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Ammonium, NH4+                                      Ammonia, NH3

 

NH3, NH4+

Aqueous ammonia

link; The water molecule

link; Aqueous alcohol

link; Aqueous hydrogen sulfide

link; Water dissociation

 

Ammonia (NH3) is a colorless flammable gas (boiling point, -33.34 °C; melting point, -77.73 °C, critical temperature 132.22 °C, critical pressure 11.345 MPa, critical density 234.3 kg ˣ m-3; [3685]) with a characteristic unpleasant and toxic odor. It is polar with dipole moment 1.5 D. In aqueous solution, it acts as a weak base and may be used as a general-purpose cleaner. Ammonia–water complexes, where NH3 molecules are are weakly hydrogen-bonded to surface water molecules are found on the surface of aqueous ammoniacal solutions [3687].

 

Ammonia is very soluble in water (it is the most soluble gas) where it reacts to form ammonium ions and hydroxide ions at appropriate pH.  A saturated solution is highly corrosive and contains about 0.31 kg ammonia per kg solution at 25 °C, and has a density of about 0.88 g ˣ ml-1 (> 13 M). Solutions give off ammonia gas and concentrations cannot be considered as precise. These species are shown in the above right figure a where all the hydrogen atoms in both structures are equivalently positioned. The ammonia molecule may invert (like a wind-blown umbrella, see also the hydrogen ion). This inversion has an energy barrier of about 24 kJ ˣ mol-1 [3686] but in contrast to the H3O+ ion, the inversion is prevented by acceptor hydration at the nitrogen atom. The thermodynamic properties of ammonia-water mixtures have been reported [IAPWS, 3684].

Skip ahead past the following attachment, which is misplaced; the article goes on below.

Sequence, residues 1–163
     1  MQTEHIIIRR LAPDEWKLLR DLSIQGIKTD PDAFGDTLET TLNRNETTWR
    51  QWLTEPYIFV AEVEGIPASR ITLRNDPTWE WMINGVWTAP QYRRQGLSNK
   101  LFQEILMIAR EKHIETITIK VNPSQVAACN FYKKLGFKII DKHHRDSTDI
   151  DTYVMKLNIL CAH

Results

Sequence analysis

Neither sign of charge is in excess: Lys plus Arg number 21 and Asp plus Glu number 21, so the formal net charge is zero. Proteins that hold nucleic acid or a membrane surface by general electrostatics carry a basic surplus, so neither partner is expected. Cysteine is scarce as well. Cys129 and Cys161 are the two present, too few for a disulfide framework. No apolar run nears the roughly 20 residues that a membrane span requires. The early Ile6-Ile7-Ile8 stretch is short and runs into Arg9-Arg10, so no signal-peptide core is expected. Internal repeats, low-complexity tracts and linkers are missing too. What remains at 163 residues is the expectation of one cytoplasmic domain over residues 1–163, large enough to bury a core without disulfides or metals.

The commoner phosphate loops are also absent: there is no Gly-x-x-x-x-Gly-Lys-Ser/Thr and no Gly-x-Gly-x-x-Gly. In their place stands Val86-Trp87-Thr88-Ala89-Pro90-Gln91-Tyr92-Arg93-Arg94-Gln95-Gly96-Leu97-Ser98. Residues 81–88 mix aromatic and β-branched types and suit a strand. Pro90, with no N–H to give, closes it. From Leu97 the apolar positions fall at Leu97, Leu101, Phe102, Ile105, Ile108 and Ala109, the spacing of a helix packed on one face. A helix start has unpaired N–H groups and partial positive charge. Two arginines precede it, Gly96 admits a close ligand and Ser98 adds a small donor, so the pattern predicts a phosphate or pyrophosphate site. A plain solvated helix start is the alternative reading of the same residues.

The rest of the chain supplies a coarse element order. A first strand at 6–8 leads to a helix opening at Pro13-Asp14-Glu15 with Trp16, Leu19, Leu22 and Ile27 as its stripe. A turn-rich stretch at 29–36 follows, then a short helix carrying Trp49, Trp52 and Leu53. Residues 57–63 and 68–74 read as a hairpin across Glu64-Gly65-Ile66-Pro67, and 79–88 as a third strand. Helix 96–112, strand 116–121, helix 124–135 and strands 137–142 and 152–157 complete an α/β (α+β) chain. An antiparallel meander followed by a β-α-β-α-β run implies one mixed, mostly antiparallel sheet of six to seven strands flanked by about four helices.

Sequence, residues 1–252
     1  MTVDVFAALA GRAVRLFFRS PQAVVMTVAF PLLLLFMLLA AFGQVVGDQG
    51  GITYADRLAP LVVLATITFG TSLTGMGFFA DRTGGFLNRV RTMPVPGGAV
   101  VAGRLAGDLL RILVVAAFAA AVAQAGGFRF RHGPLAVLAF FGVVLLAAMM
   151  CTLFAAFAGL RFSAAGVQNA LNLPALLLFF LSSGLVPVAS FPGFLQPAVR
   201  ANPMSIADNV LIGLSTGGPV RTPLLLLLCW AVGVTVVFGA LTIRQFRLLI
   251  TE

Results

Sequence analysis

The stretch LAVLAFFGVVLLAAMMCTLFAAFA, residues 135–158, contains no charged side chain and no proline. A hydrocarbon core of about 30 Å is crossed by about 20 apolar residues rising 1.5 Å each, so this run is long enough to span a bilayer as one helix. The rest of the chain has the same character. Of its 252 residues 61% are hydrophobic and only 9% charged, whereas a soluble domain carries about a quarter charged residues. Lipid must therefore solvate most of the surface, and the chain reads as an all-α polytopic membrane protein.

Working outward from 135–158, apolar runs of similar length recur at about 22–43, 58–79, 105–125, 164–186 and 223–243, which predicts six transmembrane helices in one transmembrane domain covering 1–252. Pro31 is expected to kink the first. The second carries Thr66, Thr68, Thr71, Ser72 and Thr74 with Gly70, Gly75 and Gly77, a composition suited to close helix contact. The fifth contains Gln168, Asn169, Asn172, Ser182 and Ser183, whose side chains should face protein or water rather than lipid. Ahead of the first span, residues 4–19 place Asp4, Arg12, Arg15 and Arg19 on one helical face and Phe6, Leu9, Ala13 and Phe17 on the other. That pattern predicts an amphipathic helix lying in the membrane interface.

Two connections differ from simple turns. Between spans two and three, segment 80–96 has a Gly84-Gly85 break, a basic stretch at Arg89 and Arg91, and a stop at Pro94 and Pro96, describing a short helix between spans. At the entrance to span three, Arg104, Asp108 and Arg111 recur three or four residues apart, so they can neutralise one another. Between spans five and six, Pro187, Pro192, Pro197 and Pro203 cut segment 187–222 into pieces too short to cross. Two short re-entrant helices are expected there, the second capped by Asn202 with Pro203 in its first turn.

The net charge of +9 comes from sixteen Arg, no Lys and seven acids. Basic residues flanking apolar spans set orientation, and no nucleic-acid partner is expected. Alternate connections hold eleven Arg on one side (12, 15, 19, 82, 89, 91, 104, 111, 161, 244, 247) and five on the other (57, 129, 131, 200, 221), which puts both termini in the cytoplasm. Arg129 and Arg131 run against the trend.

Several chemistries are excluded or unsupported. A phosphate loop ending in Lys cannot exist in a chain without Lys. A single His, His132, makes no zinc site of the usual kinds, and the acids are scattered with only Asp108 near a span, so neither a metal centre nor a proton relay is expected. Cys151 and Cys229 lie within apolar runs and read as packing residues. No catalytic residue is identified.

H2O + NH3 equilibrium arrowsOH- + NH4+         pKb (NH3) = 4.755 at 25 °C [3681]

                                                                H2O + NH4+equilibrium arrowsH3O+ + NH3      DH° = +51.92 kJ ˣ mol-1 at 25 °C [3680]

 

pKa (NH4+) = -Log10([H3O+] ˣ [NH3]/ [NH4+]) = 9.245 at 25 °C

pH = 9.245 + Log10([NH3]/ [NH4+]) at 25 °C

 

The relationship of pKa (NH4+) to temperature is pKa (NH4+) = 0.09018 + 2729.92/T where T is in Kelvin [3681].

 

Ammonium (NH4+) is a very weak acid, with an equilibrium constant (5.7 ˣ 10-10 M) approximately 70 times lower than physiological (buffered) hydrogen ion concentration (4.0 ˣ 10-8 M), so that when ammonia is produced in the body, it is immediately mostly converted (~98 %) to ammonium ions, but when added to pure unbuffered water it mostly remains as dissolved NH3.

 

Ammonia is a reducing agent and can be produced by the electro-synthesis of ammonia [3871]:

 

                                                     N2 + 6 H+ + 6 e- equilibrium arrows2 NH3                                 E° = +0.55 V

                                                    N2 + 8 H+ + 6 e- equilibrium arrows 2 NH4+                               E° = +0.27 V

 

Ammonia may be oxidized                 4 NH3 + 3 O2 equilibrium arrows  2 N2 + 6 H2O

 

H3N···H-OH hydrogen bond in the gas phase

 

H3N···H-OH hydrogen bond in the gas phase

cis- and trans- H3N···H-OH hydrogen bonds

 

cis- and trans- structures of the H3N···H-OH hydrogen bond